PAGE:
content-visiblity: auto; vs. jumpy scrollbars, a solution

As warned in content-visibility: the new CSS property that boosts your rendering performance you need to be careful with applying content-visibility: auto; on each and every element as the scrollbar might get jumpy.

This is because elements will be rendered as they scroll into the viewport and will be hidden as they scroll out of the viewport, thereby affecting the height of the rendered page, and thus also affecting the scrollbar.

ℹ️ Apart from a jumpy scrollbar it can also negatively affect accessibility when you include headings and landmark elements inside of regions styled with content-visibility: auto;. See Content-visibility and Accessible Semantics for details.

Now, thanks to infinite scroll we are β€” or at least I am β€” kind of used to the thumb part of the scrollbar shrinking and jumping back up a bit on the scrollbar track as you scroll down. What we’re not used to is the thumb part jump forwards on the scroll track as you scroll down. This is because elements that slide out of the viewport will no long be rendered β€” as that’s what content-visibility: auto; does β€” and the scrollbar is (by default) only calculated against the rendered elements.


Elements can become non-rendered elements as they scroll out of the viewport,
thanks to content-visibility: auto; doing its thing.

To cater for this jumpy behavior you should use contain-intrinsic-size so space for an element is reserved when it’s not being rendered. However, it is not always possible to know a box its dimensions in advance. Looking for a way to automatically reserve space for previously rendered elements, Alex Russel created a little script for it.

One challenge with naive application of content-visibility, though, is the way that it removes elements from the rendered tree once they leave the viewport — particularly as you scroll downward. If the scroll position depends on elements above the currently viewable content “accordion scrollbars” can dance gleefully as content-visibility: auto does its thing.

In a first version of the script he applied content-visibility: visible on each element from the moment it had appeared on screen. To detect this an IntersectionObserver is used. While this does prevent the scrollbar thumb from jumping forwards as you scroll down, it will make the page slow again as that content remains rendered (even though it’s off-screen).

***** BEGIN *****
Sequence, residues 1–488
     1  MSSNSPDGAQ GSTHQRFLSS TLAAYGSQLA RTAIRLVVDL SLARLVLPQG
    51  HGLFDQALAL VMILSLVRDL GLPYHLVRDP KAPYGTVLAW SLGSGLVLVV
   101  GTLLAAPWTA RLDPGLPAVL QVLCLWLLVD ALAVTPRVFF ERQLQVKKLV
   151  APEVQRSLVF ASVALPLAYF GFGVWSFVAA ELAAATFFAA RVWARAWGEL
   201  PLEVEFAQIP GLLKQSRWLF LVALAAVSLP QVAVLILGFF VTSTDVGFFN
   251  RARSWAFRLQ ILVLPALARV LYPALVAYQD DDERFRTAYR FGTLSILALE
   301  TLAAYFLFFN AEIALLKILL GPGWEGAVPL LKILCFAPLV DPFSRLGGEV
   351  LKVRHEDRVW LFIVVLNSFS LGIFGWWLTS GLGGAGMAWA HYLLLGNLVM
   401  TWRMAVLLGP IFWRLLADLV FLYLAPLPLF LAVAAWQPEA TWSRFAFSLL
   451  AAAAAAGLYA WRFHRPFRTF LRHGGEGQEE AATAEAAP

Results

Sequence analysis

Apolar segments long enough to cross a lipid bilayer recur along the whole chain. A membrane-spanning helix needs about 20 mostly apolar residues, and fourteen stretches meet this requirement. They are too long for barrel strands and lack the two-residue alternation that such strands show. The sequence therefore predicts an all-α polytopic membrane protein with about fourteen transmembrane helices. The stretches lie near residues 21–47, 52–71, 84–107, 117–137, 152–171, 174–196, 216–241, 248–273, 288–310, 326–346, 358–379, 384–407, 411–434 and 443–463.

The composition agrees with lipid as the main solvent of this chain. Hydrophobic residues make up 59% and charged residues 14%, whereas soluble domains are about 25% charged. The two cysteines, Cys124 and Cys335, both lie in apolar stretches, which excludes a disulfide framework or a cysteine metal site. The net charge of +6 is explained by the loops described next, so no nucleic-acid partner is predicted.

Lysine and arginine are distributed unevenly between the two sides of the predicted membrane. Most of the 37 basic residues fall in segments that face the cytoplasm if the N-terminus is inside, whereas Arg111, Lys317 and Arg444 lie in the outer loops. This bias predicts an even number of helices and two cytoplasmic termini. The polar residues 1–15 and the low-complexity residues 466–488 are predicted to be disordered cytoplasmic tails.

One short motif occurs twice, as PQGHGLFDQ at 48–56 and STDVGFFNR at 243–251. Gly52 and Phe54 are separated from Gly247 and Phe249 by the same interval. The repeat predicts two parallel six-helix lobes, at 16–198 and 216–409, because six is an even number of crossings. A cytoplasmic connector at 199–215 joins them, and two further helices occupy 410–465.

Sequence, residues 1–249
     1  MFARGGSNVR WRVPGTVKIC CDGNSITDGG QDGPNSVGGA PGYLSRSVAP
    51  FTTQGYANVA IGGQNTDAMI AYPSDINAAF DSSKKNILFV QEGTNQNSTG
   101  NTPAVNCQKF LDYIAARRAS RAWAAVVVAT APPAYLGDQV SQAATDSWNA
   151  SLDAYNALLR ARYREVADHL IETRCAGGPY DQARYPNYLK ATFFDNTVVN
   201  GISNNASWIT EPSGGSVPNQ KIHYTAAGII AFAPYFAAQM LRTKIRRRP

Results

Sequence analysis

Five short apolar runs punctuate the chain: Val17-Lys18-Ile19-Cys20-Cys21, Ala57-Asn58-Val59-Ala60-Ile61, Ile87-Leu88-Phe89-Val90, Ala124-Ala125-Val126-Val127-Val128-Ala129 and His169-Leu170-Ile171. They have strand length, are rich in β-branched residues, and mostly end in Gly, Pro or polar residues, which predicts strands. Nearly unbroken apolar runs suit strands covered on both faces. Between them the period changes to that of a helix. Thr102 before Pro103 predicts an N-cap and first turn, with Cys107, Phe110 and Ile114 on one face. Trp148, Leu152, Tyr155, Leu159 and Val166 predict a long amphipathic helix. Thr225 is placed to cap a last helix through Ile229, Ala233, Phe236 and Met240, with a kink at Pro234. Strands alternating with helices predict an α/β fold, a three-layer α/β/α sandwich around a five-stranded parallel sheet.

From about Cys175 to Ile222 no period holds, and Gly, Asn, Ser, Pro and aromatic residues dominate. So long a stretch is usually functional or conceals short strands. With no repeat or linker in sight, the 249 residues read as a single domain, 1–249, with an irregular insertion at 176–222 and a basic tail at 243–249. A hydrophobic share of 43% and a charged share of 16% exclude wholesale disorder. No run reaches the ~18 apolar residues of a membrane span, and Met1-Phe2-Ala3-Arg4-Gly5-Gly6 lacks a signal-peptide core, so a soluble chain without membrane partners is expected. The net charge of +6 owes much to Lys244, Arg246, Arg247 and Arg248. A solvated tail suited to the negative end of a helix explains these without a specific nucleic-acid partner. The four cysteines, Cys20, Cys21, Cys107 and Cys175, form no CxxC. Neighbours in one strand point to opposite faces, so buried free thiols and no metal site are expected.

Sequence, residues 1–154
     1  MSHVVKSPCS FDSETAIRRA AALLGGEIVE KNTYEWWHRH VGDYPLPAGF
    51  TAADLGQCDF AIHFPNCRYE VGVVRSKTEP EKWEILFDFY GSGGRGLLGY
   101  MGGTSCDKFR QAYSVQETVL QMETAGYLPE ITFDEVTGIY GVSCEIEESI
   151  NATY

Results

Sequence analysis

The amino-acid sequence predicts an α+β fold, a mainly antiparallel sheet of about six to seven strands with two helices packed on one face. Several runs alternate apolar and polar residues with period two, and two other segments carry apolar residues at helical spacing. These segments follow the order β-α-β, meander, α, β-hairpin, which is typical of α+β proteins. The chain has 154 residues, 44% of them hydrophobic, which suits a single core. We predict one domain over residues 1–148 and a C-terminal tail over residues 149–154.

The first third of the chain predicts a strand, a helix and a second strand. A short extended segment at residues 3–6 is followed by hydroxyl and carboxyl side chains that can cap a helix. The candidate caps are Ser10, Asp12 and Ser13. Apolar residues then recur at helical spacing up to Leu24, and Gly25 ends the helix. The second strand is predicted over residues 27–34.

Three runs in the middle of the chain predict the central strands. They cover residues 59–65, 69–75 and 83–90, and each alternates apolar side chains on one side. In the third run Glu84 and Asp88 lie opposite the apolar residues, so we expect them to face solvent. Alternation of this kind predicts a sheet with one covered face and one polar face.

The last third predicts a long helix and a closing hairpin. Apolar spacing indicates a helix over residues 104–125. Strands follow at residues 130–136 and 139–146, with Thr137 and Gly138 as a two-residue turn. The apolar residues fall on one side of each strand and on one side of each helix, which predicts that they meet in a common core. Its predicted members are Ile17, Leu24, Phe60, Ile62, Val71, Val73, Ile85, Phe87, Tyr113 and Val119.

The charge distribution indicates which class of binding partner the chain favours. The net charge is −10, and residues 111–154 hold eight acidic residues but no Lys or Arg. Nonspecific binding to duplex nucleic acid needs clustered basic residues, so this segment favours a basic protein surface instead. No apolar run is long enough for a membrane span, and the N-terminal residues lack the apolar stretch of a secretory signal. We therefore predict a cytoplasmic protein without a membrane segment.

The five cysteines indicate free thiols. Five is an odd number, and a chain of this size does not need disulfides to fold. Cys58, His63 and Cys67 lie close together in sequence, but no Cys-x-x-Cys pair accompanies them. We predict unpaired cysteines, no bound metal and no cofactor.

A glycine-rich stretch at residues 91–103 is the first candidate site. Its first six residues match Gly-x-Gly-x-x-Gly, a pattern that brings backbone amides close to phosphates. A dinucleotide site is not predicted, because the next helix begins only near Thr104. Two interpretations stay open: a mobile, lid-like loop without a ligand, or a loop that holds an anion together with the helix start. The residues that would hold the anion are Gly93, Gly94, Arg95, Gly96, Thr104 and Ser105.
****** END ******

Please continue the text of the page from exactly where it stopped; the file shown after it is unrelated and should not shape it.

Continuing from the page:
A second version of the script takes a different approach and calculates the contain-intrinsic-size to apply based on the element’s dimensions. That way elements that passed by once now have a correct contain-intrinsic-size set, and can safely be hidden again as content-visibility: auto does its job.

let spaced = new WeakMap();
let reserveSpace = (el, rect) => {
    let old = spaced.get(el);
    // Set intrinsic size to prevent jumping.
    if (!old || rectNotEQ(old, rect)) {
        spaced.set(el, rect);
        el.attributeStyleMap.set(
        "contain-intrinsic-size",
        `${rect.width}px ${rect.height}px`
        );
    }
};

Additionally he also added a ResizeObserver to cater for resize events.

Resize-Resilient `content-visiblity` Fixes →

πŸ€” Clever script indeed, yet I cannot help but think: this should be possible without the needs for this extra script. What if a value like contain-intrinsic-size: auto; would be allowed, and do exactly as the script Alex built does?

UPDATE: I’ve created an issue on GitHub that proposes contain-intrinsic-size: auto;. Let’s see where this goes …

How to useRef to Fix React Performance Issues

Sidney Alcantara who works on Firetable, a product which features a data grid and an adjacent side drawer. When clicking a cell in the table, the side drawer opens with info about the current cell. Initially they lifted up the state, but that caused performance issues:

The problem was whenever the user selected a cell or opened the side drawer, the update to this global context would cause the entire app to re-render. This included the main table component, which could have dozens of cells displayed at a time, each with its own editor component. This would result in a render time of around 650 ms(!), long enough to see a visible delay in the side drawer’s open animation.